It might be time to move on from BBM. The consumer version of the BlackBerry Messenger will shut down on May 31. Emtek, the Indonesia-based company that partnered with BlackBerry in 2016, just announced the closure. It’s important to note, BBM will still exist and BlackBerry today revealed a plan to open its enterprise-version of BBM to general consumers.

Starting today, BBM Enterprise will be available through the Google Play Store and eventually from the Apple App Store. The service will be free for the one year and after that, $2.49 for six months of service. This version of the software, like the consumer version, still features group chats, voice and video calls, and the ability to edit and retract messages.

As explained by BlackBerry, BBMe features end-to-end encryption.

BBMe can be downloaded on any device that uses Android, iOS, Windows or MAC operating systems. The sender and recipient

Continue reading “The consumer version of BBM is shutting down on May 31”

FCC looks to slap down China Mobile’s attempt to join US telecom system


This post is by Devin Coldewey from TechCrunch


Click here to view on the original site: Original Post




The FCC has proposed to deny an application from China Mobile, a state-owned telecom, to provide interconnect and mobile services here in the U.S., citing security concerns. It’s another setback to the country’s attempts to take part in key portions of American telecommunications.

China Mobile was essentially asking to put call and data interconnection infrastructure here in the U.S.; It would have come into play when U.S. providers needed to connect to Chinese ones. Right now the infrastructure is generally in China, an FCC spokesperson explained on a press call.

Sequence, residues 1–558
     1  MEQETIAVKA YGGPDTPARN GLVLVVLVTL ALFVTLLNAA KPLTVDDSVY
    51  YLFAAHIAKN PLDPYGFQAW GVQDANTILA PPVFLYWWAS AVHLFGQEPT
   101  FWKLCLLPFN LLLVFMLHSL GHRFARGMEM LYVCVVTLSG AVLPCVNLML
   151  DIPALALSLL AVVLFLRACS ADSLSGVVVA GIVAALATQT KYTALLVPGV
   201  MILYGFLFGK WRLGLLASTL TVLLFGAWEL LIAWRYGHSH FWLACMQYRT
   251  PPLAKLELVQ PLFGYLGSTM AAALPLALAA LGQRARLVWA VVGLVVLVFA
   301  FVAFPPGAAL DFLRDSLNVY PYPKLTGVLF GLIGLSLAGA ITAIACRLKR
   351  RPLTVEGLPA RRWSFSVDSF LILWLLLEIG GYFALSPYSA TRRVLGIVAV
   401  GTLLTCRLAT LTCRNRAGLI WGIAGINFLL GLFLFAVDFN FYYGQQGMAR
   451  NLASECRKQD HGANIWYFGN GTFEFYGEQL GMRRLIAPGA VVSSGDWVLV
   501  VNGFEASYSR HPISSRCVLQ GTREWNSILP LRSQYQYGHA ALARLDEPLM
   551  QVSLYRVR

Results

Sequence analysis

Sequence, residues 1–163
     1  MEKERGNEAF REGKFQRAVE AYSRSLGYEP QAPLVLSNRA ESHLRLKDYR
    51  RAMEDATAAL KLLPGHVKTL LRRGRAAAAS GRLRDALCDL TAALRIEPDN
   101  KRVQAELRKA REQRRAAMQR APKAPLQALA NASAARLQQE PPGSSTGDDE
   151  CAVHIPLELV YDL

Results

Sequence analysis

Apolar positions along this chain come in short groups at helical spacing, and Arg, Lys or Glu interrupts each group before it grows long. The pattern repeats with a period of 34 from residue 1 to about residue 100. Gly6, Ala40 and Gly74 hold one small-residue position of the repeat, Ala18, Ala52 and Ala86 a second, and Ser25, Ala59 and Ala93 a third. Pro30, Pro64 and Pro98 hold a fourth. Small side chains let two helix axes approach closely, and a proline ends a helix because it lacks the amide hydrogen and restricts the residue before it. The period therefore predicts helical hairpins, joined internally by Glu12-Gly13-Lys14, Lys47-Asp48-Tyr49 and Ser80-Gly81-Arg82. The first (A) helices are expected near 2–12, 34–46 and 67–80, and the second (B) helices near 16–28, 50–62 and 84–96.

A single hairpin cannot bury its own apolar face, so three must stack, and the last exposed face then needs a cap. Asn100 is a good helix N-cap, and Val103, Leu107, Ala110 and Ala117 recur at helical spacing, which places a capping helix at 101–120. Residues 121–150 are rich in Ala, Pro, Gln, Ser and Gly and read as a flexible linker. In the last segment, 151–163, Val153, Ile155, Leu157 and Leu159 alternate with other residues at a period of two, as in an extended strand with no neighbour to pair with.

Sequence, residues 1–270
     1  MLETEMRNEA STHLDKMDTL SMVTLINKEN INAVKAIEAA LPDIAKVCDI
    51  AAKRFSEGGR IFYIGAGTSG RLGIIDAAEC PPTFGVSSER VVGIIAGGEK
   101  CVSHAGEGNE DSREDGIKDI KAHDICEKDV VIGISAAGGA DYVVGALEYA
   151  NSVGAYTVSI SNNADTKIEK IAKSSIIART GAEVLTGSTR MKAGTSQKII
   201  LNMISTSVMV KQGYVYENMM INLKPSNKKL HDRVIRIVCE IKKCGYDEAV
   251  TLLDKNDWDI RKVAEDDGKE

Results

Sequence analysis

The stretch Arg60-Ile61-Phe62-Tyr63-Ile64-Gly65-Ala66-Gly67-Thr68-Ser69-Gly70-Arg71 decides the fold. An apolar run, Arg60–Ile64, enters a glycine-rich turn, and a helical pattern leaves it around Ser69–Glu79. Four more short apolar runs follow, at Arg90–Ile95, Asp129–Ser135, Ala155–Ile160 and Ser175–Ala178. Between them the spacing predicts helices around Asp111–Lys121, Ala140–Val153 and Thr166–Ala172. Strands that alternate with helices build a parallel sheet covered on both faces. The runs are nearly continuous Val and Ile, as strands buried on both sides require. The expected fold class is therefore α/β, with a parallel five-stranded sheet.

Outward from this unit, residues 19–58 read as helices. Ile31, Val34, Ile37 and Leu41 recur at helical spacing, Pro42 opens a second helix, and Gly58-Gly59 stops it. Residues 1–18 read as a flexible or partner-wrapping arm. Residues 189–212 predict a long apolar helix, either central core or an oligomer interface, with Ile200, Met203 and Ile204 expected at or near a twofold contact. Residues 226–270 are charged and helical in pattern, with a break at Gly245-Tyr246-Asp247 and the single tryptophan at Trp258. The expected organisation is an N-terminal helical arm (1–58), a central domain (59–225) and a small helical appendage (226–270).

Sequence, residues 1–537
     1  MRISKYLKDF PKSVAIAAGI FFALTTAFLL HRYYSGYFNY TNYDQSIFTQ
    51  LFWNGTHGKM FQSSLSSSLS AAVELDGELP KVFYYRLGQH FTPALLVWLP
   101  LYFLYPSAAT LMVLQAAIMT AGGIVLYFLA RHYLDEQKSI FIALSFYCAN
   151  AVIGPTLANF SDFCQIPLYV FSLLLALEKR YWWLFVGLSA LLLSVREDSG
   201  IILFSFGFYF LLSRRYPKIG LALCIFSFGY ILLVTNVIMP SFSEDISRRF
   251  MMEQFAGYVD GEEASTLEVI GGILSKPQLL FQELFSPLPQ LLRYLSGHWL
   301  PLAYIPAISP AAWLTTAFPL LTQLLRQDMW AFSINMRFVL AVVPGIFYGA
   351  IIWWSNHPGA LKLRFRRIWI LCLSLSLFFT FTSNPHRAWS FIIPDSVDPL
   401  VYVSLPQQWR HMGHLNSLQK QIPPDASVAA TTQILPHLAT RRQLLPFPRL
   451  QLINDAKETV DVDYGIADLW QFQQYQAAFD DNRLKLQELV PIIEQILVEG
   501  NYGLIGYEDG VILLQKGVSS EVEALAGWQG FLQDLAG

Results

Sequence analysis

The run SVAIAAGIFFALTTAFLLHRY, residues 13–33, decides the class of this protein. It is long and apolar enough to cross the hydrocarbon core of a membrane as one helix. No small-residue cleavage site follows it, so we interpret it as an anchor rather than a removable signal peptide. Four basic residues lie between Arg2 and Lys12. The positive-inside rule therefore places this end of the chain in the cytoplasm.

In a draft order that will be made public tomorrow and voted on in May, FCC Chairman Ajit Pai moves to deny the application, which has been pending since 2011. Such applications by foreign-owned entities to build and maintain critical infrastructure like this in the U.S. have to pass through the Executive, which only

Continue reading “FCC looks to slap down China Mobile’s attempt to join US telecom system”

How-to video maker Jumprope launches to leapfrog YouTube


This post is by Josh Constine from TechCrunch


Click here to view on the original site: Original Post




Sick of pausing and rewinding YouTube tutorials to replay that tricky part? Jumprope is a new instructional social network offering a powerful how-to video slideshow creation tool. Jumprope helps people make step-by-step guides to cooking, beauty, crafts, parenting and more using voice-overed looping GIFs for each phase. And creators can export their whole lesson for sharing on Instagram, YouTube, or wherever.

Jumprope officially launches its iOS app today with plenty of how-tos for making chocolate chip bars, Easter eggs, flower boxes, or fierce eyebrows. “By switching from free-form linear video to something much more structured, we can make it much easier for people to share their knowledge and hacks” says Jumprope co-founder and CEO Jake Poses.

The rise of Snapchat Stories and Pinterest have made people comfortable jumping on camera and showing off their niche interests. By building a new medium, Jumprope could become the home for rapid-fire learning. And

Continue reading “How-to video maker Jumprope launches to leapfrog YouTube”

Apple may combine ‘Find My iPhone’ & ‘Find My Friends’ apps, launch a Tile-like tracking device


This post is by Sarah Perez from TechCrunch


Click here to view on the original site: Original Post